Pittsburgh Post-Gazette's Scores

  • TV
For 1,252 reviews, this publication has graded:
  • 42% higher than the average critic
  • 3% same as the average critic
  • 55% lower than the average critic
On average, this publication grades 5.9 points lower than other critics. (0-100 point scale)
Average TV Show review score: 59
Highest review score: 100 Breaking Bad: Season 5
Lowest review score: 0 Cavemen: Season 1
Score distribution:
  1. Mixed: 0 out of 584
  2. Negative: 0 out of 584
584 tv reviews
  1. Clearly this show is not for the easily offended. Not everyone will appreciate this kind of humor, but anyone who values smart, provocative comedy that's about truth telling will be intrigued.
  2. Most sketch comedy shows decline with age but IFC's Portlandia continues to show signs of smart, savvy, new comic life in its fourth season.
  3. The show creates tension--through atmosphere and characters the audience cares about--and offers so many make-you-jump scares that by the end of an episode, you're left breathless.
  4. A highly entertaining and addictive costume drama.
  5. Executive producer David Eick said, "We wanted to make it less about escapism and more about moral complexity and great characters." In its early episodes, Caprica certainly succeeds in achieving those goals.
  6. As entertainment, United States of Tara succeeds through humor, vivid characters and a stunning performance by Collette, who disappears into the roles of Tara's alters.
  7. Atmospheric and strange (images of power lines abound for no discernible reason), Durham County is not much of a murder mystery--viewers know who the killer(s) are by the end of the first episode--but it is an intriguing crime drama that's more character-driven than it is procedural.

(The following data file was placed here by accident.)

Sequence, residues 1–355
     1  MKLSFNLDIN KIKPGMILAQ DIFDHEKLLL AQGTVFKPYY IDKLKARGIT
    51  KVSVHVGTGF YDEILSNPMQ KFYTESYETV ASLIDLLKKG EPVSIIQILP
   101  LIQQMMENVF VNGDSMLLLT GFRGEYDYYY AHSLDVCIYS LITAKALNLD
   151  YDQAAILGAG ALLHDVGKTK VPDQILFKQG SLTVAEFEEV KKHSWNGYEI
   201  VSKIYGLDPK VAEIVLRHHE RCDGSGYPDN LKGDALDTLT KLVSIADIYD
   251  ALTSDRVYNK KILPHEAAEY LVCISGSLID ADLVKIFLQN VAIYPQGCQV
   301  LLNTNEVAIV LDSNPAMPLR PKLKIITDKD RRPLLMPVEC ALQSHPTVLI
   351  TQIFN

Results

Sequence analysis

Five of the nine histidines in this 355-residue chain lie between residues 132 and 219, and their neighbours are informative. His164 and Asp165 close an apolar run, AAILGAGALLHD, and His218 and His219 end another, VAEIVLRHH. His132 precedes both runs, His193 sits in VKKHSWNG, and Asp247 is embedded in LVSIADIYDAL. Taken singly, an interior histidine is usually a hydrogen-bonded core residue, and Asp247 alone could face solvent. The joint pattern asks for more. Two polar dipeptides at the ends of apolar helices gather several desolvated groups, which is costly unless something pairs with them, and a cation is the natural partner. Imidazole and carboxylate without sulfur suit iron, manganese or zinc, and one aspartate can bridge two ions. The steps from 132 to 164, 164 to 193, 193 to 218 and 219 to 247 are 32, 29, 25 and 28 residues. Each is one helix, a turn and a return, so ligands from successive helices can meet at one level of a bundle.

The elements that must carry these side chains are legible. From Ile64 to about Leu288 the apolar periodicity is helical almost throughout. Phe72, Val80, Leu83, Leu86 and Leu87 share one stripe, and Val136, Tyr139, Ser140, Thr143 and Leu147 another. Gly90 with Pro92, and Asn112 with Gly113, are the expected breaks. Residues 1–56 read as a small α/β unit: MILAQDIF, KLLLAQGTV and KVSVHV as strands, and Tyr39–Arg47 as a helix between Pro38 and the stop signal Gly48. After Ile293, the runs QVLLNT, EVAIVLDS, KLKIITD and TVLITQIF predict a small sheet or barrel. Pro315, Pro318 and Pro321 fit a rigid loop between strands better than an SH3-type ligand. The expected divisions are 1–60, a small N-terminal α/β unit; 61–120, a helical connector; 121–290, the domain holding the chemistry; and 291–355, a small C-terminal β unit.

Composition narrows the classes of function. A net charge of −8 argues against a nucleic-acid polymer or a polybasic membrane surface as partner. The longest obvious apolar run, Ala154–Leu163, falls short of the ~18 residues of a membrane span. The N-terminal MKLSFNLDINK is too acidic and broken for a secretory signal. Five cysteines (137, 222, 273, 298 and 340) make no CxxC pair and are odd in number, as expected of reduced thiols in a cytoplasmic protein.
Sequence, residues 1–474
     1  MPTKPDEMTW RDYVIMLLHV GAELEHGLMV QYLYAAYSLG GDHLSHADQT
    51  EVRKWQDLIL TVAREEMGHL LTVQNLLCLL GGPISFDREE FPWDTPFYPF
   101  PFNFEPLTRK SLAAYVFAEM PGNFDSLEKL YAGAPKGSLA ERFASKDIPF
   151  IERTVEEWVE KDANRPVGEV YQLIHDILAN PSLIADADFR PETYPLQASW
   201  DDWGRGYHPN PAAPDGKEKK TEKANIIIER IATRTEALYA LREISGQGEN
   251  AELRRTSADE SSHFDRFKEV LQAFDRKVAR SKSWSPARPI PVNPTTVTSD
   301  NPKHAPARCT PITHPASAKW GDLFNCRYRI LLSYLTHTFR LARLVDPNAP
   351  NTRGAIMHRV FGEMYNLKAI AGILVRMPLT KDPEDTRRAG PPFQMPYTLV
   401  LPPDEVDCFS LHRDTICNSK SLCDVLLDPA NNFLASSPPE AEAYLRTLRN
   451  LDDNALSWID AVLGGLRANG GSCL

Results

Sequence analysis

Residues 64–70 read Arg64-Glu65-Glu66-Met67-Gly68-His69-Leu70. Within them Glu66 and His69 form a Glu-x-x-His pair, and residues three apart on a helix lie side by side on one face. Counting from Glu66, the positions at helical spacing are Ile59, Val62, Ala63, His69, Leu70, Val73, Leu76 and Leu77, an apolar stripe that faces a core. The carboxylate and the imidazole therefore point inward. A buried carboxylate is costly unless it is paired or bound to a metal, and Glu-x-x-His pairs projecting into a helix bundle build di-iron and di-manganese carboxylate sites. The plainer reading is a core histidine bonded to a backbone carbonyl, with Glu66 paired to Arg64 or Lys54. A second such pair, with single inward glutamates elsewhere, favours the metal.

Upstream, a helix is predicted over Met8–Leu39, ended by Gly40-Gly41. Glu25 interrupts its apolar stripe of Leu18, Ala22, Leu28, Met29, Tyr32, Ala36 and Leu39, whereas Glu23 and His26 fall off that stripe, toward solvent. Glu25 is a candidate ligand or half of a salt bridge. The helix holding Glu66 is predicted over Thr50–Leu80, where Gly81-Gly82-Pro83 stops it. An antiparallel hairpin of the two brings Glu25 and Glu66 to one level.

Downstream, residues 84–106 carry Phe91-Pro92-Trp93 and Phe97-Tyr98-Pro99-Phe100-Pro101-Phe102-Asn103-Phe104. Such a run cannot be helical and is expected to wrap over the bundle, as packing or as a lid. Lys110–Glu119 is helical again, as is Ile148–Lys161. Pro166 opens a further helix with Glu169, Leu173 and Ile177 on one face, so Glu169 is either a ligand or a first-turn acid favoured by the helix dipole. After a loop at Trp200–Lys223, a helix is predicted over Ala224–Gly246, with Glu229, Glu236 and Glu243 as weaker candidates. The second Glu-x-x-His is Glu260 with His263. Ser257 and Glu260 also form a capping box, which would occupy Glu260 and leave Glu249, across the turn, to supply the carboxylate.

8. Smart, thrilling and politically timely, "Sleeper Cell" works overtime to mix believable character drama with jolts of surprising plot twists.
  9. Saul isn’t a failure at all. Instead, Saul feels like a series with many of the hallmarks of classic “Breaking Bad” episodes that’s set in the familiar “Bad” universe, emphasizing a similar vibe that mixes personal drama with dark comedy.
  10. This first episode back sets a lot of goals for itself: Remind viewers of the backstory, advance the plot from the cliffhanger, and introduce and resolve the murder-of-the-week. Daisies succeeds in accomplishing these tasks and even finds time for a "Sound of Music" shout-out as Olive pulls a Maria von Trapp en route to a nunnery.
  11. It's edgier than "7th Heaven," but not so edgy that parents will be turned off. It also expands the definition of a family and realistically shows the complexity of intergenerational relationships. [5 Oct 2000, p.D-6]
    • Pittsburgh Post-Gazette
  12. The series retains its trademark flash forwards that signal murders and/or deceits yet to be revealed. It's one of the show's more operatic touches but this time the revelation, a fantastic and personal driver for stories, feels less like an attempt to manipulate the audience and more rooted in the plausible.
  13. The question becomes will more screen time allow the Big Secret to make sense? That will determine if the whole of Wayward Pines is ultimately worth watching. If nothing else, the first five hours are at turns intriguing, mysterious, engrossing and spooky.
  14. Next week's episode has more taut scenes than tonight's premiere, which has to lay the groundwork for the season. No surprise -- last season, it took several episodes before "24" began to live up to its promise. [29 Oct 2002]